Posted At: October 10, 2011 12:19 PM
by Meghan Rodriguez
In April 2010, a basketball team from a small private university in Indianapolis made national headlines at the NCAATournament. The Butler Bulldogs rose from their fifth-seed underdog status to face off against Duke in the championship, the fourth-winningest team in men’s basketball history.
Butler left the tournament as runners-up, while Duke won its fourth NCAA title. However, the Bulldogs became the poster children for Butler University. According to a report in the Indianapolis Business Journal, the number of applications to Butler rose 41 percent — a total of 9,357 more — compared to the same time the previous year.
Butler returned to the tournament in 2011, dropping the title this time to Connecticut. During the period of mid-March to mid-June, the university “garnered an estimated publicity value of $512,382,703 through television, print and online news coverage. When factoring in social media, the audience surpassed 69 billion,” according to arelease from Butler’s Athletic Media Relations office.
Butler is an example of a Cinderella story. Its tournament run resulted in a favorable amount of positive publicity for the athletics program, as well as the school. Almost overnight, the sports information department of Butler went from promoting the basketball team to managing the mass media attention it was receiving.
The role of athletic communications departments is more crucial than ever as college athletics become more of a big-time business. Sports information directors are no longer viewed simply as distributors of statistics and game notes. Associate Commissioner for Public Relations of the Southeastern Conference (SEC) Charles Bloom said the industry is shifting away from the title sports information director.
“I think that there was a point in time when the term was the representative name for our profession. I think that the industry has changed such that we have become much more active in the communication process, whether it’s public relations, serving as the mouthpiece for our coaches and administrators, creating messaging points or taking care of our administrators and coaches in crisis situations. I think that’s good for us in the profession in that the CEOs consider us to be more of an integral part to the organization than ever before,” Bloom said.
Athletic communications directors at Butler were fortunate in the fact that the Bulldogs basketball team self-promoted the program through its underdog status. But what about colleges and universities whose games aren’t televised weekly; are the media relations directors’ roles any different when they’re promoting the swim team at a Division II college as opposed to a top-ranked football team?
Erik Christianson, director of public relations for the NCAA, feels that the priority is to tell a story.
“It should be to tell the stories of student-athletes every day,” Christianson said. “So while there will always be a need for statistics, game notes and those other elements that are related to sports information, the primary purpose should be to use that platform of athletics to tell a story. At the end of the day, it’s to tell that important story that is bigger than just sports.”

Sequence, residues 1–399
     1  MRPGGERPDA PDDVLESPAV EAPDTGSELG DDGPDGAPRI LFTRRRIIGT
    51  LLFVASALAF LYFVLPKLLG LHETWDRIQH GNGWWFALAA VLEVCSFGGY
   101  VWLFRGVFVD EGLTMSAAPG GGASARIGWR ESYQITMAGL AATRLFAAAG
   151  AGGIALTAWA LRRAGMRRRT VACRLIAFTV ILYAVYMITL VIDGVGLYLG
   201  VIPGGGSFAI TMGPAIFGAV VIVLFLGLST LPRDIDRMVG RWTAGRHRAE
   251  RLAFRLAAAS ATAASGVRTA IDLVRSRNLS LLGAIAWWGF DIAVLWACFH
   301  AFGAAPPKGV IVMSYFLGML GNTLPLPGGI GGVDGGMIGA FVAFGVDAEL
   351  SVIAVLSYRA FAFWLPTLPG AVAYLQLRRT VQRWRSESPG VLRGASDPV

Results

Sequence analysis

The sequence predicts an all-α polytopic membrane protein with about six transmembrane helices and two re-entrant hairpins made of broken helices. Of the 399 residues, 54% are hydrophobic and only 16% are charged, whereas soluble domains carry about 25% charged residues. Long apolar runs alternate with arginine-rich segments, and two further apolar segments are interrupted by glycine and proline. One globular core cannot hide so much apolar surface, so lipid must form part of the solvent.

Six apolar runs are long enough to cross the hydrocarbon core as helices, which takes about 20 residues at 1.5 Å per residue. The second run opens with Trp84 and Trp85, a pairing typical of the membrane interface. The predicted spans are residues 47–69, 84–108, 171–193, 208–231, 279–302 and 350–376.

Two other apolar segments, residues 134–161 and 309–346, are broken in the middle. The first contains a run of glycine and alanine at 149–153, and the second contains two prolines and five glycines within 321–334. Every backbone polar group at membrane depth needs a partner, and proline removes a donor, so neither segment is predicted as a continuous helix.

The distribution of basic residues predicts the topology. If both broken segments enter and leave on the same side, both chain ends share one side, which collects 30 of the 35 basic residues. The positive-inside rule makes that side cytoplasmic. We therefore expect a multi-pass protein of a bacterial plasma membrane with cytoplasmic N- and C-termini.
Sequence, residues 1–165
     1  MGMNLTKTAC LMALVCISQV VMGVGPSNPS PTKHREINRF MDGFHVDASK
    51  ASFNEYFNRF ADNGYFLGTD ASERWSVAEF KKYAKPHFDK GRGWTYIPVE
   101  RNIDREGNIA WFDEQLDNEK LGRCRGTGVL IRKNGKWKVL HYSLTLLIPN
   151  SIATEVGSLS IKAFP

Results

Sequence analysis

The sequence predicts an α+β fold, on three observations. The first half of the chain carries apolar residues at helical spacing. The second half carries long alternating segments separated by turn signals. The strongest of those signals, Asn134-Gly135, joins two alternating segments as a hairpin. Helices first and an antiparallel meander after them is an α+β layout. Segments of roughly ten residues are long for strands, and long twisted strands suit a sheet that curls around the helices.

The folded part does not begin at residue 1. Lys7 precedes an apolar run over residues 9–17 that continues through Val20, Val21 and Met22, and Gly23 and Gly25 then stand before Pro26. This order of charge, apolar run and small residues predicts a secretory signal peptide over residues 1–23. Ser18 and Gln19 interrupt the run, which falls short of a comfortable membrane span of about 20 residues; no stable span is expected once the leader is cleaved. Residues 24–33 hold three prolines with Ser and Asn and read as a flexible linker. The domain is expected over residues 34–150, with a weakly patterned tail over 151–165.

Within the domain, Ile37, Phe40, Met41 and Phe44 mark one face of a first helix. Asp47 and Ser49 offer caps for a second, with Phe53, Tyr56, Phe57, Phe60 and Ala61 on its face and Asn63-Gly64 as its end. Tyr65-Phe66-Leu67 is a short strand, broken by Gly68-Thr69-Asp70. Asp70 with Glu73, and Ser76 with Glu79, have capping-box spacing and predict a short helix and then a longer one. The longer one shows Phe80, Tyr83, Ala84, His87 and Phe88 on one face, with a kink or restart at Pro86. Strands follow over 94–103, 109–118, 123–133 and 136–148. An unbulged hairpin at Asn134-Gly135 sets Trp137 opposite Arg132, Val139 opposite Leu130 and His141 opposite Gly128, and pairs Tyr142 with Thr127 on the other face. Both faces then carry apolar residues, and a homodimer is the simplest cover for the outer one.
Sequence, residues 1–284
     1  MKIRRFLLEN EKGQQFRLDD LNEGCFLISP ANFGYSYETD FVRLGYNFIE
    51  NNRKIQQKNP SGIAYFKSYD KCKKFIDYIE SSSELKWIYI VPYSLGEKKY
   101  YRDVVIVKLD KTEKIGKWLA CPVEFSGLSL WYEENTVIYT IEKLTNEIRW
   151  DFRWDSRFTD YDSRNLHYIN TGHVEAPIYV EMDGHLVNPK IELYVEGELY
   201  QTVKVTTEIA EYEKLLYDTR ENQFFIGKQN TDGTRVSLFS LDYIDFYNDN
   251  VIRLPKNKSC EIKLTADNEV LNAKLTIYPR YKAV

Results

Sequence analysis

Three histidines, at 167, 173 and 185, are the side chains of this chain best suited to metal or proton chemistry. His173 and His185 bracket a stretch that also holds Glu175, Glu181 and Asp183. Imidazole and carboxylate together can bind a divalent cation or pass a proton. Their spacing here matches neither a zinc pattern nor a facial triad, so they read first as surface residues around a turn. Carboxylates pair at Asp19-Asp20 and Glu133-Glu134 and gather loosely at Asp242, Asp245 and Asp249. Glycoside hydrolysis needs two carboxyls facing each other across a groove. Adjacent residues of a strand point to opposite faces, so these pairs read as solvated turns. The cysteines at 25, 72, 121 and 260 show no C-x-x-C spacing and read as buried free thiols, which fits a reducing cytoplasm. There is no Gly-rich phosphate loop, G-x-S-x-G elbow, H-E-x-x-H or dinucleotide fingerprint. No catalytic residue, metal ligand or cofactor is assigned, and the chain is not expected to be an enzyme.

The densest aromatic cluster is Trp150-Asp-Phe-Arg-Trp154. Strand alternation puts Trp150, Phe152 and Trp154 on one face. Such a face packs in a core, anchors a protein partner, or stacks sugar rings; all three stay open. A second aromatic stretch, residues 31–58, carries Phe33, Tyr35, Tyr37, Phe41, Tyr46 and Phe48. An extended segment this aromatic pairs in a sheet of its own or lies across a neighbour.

That’s not to say that there isn’t a need for promoting other athletic teams at major colleges and universities. “Before I came to the SEC, I worked at East Carolina University, which is a mid-major school,” Bloom said. “At ECU I had the sports information director role and one of my main jobs was to really gain as much media attention as I could. Whereas when I came to the SEC, it’s a lot different; you’re more managing it. However, the focus is so much on football and issues of the day that the media try to make that I think we are still trying to promote our Olympic sports. We’re trying to promote message points that maybe the media doesn’t want to promote, but yet we’re trying to promote them anyway.”
Athletic media relations departments are also utilizing social media as a platform to promote and inform. It’s not unusual for a football team or baseball team to have its own Facebook page, managed by the athletic communications department, as a means of engaging with fans during games.
In Christianson’s role at the NCAA, he has realized the advantage of social media. “It’s a vital platform today for organizations, specifically colleges and their athletic departments, to communicate directly with fans,” Christianson said. “What’s important though is that social media is A platform, not THE platform.”
Colleges and universities have embraced using athletic programs as a recruiting tool for potential students in the same way Butler did. Administrations have realized that while academics may be first priority when choosing a school, campus life also plays a significant role.
“Athletics needs academics,” Bloom said. “Academics needs athletics. If a school wants to recruit top students to their campus, one of the selling items is campus life and that includes going to athletic contests.”
As college athletics continue to grow, so will the roles and philosophies of athletic communications professionals. Whether they are promoting track and field at a small school or a basketball team such as Butler, it’s important to remember what their priority is.
“We want people to understand why student-athletes are competing,” Christianson said. “We want them to understand how they benefit from that, how the campus benefits and the values athletics brings to colleges or universities.”